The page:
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If you’ve been diagnosed with geographic atrophy (GA), you can still keep your home clean and cook the foods you love. Here are some tips to help you keep things running smoothly. 

First, Set Yourself Up for Success

Get organized. Create a home for everything, and then keep everything in its place. Group similar items together. Keep them close to where you use them. For example, keep cooking utensils in a canister or drawer near your cooktop.

Label everything. Make kitchen items with unclear labels easier to identify. Use large-print labels, color-coded tabs or tape, or tactile markers like bump dots that you can identify by touch. You can also wrap a rubber band around an item resembling something else, like a milk carton or juice container, so it’s easy to tell the difference.

Gather what you need. When you’re ready to cook, put all your ingredients and utensils on a tray so everything you need is at your fingertips. If you need to clean your home, pop your cleansers, paper towels, and gloves into a bucket you can carry around with you.

Tips for Cooking

Having low vision doesn’t have to stop you from cooking the things you love or trying out new recipes. These tips and techniques can help you cook safely.

Have a wet towel nearby. Use a damp dish towel to wipe your fingers as you cook. It helps you stay clean and cuts down on trips to the sink.

Get contrasting cutting boards. If you’re cutting something dark, use a light-colored cutting board. For light-colored foods, use a dark board. The contrast may help you see better.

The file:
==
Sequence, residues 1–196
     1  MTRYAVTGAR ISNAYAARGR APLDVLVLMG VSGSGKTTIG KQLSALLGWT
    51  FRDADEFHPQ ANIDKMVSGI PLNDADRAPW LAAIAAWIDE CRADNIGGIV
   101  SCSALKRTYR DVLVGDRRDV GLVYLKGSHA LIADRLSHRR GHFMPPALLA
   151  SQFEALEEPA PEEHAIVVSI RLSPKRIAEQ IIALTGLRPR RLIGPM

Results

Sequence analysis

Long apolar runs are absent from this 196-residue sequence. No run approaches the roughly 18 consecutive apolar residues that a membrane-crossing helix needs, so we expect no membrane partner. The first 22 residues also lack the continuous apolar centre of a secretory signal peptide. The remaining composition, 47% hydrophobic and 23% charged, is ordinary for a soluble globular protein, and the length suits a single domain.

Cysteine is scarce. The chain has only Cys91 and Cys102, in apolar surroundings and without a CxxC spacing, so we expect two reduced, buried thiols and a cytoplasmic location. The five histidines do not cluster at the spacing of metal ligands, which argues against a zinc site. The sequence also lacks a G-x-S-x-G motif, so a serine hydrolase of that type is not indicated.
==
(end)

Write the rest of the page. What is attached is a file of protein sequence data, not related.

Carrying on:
Contain mess and items in trays. Make spills easy to manage by measuring, slicing, and mixing things on a tray. Use another tray for utensils you’re done with so it’s easy to take them to the sink for cleaning.

Use your other senses when pouring. Feel the spout of the container you’re pouring from. Touch it to the inside rim of the container you’re pouring into and keep it touching as you pour. Listen to the sound of the liquid. When it fades out, it’s almost full. For cold liquids, put your finger over the rim and stop pouring when you feel liquid on your fingertip.

Make measuring easier. Put bump dots or tape on glass measuring cups so you don’t have to struggle to read each measurement. Create a contrasting background behind the glass. Nest your measuring cups and spoons, and then memorize them so you can pull out the one you need without having to read it.

Try scooping instead of pouring. Need to measure a liquid ingredient? Put it in a wide-mouth container and scoop out what you need with a measuring spoon or cup. This way, you don’t have to pour liquid into small containers.

Prevent boiling water splashes. Don’t wait for water to boil before adding pasta or rice to a pot. It might take a few minutes longer to cook. To stop water from boiling over, apply cooking oil around the rim of the pot or put a wooden spoon across the top.

Choose a good knife or chopper. Choose a knife that’s the right size and type for what you’re slicing. Look for a knife with a safety sheath to keep the blade covered. A food chopper with a cup, blade, and lid can make chopping and dicing easier and safer. Try an electric food chopper for herbs, garlic, and onions.